At our Earth Day Fresno event we surveyed locals about their biggest environmental concern. If you were able to visit our booth, you might already know that my biggest concern is Wildlife Welfare. While I was far from alone, many people I spoke to weren’t sure how they could take action to make a difference. Today, I want to share how I support my wildlife neighbors by following the NWF’s Garden for Wildlife guidelines.
Last summer, I stumbled across the National Wildlife Federation’s Garden for Wildlife. This organization teaches how to “sustainably provide wildlife with food, water, cover, and places to raise young.” If you are an OG (organic gardener) like me, chances are you already meet many of the requirements.
Food, Water, Cover, Places to Raise Young
In my suburban backyard, I am able to provide the following food: seeds, berries, nectar, foliage, fruits, pollen, and I have a bird feeder (that also feeds a squirrel or two). I have several water bowls throughout the yard, and a dog pool and misters in summer. For cover, I use mulch, mostly fallen leaves and pine needles, along with evergreen trees, and my small backyard meadow (unmown lawn consisting of clover and pasture seed). And lastly, I have mature trees and dense shrubs as places to raise young.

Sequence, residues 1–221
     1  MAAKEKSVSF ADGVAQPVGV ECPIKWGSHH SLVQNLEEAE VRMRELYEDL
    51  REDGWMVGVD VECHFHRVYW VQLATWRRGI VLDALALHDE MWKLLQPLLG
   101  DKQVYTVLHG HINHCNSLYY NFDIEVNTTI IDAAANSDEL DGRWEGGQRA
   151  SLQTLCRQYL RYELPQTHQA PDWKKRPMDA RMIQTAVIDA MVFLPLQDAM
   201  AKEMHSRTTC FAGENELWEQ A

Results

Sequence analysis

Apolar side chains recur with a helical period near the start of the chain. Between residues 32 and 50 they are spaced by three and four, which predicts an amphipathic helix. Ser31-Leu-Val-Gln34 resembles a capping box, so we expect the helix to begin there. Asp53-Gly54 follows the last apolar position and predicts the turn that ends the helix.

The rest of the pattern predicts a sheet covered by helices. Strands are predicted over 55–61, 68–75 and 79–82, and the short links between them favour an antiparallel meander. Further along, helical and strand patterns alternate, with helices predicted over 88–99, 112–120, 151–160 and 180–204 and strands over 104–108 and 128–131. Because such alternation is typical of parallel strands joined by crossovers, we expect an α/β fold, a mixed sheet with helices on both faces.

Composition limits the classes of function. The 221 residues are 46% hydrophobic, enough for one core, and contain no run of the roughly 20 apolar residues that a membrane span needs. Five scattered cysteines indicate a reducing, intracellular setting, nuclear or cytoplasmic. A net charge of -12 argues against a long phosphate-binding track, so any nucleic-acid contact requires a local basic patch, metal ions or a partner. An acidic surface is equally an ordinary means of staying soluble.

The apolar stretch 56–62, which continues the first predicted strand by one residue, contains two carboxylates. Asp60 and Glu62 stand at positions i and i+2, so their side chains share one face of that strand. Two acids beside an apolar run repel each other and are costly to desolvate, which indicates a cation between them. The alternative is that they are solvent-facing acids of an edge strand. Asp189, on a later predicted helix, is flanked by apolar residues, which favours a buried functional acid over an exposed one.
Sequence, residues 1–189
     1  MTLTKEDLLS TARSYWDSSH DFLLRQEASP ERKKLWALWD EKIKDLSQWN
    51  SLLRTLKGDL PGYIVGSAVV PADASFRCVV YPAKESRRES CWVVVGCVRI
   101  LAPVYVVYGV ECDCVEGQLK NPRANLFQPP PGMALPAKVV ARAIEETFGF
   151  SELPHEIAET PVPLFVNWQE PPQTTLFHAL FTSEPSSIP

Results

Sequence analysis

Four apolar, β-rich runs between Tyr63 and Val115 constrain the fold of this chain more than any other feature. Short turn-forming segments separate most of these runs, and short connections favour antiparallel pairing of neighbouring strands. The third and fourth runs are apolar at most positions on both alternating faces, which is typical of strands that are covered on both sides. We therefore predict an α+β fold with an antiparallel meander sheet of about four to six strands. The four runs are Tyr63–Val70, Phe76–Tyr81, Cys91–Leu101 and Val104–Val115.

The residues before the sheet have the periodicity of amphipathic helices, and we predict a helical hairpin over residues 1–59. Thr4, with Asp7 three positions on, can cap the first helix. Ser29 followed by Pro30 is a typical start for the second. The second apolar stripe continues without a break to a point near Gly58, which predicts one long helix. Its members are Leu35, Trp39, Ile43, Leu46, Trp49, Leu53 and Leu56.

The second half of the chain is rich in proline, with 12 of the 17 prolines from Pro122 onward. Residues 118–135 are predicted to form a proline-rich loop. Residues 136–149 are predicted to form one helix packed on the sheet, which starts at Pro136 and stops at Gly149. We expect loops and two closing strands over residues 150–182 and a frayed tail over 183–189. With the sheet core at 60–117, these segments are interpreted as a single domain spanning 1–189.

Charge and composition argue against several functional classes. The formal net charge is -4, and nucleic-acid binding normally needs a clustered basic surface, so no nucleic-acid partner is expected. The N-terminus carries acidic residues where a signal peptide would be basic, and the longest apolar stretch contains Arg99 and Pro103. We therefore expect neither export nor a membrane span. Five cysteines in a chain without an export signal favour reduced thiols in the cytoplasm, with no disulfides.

Another important part of Garden for Wildlife is using sustainable practices. Along my side yard are unruly compost piles, and a long drip irrigation hose snakes throughout the garden. I use organic pesticides only on plants that I’m growing specifically for me to eat, and only when I see that they are struggling with pests. Adding native plants to my yard has strengthened the gardens ability to survive with less water and attracts more beneficial insects. Sustainable garden practices also increase biodiversity and create healthy eco-systems that are vital to human health. (see sources below)
Certified Wildlife Habitat
The best part is, you can certify your backyard/school/workplace as a habitat and order an awesome plaque to show your neighbors and friends what you’re doing to support wildlife. Check out their checklist to see if you can make small changes to have all the elements and become a certified wildlife habitat. Chances are you already meet several of the requirements.
Little by little, the plants in my garden are chosen and grown specifically for my wildlife neighbors. This fall, I plan to purchase more native plants to support native birds, bugs, and small mammals. Everyday in return for my efforts, I see local wildlife bring more beauty and health to my garden.
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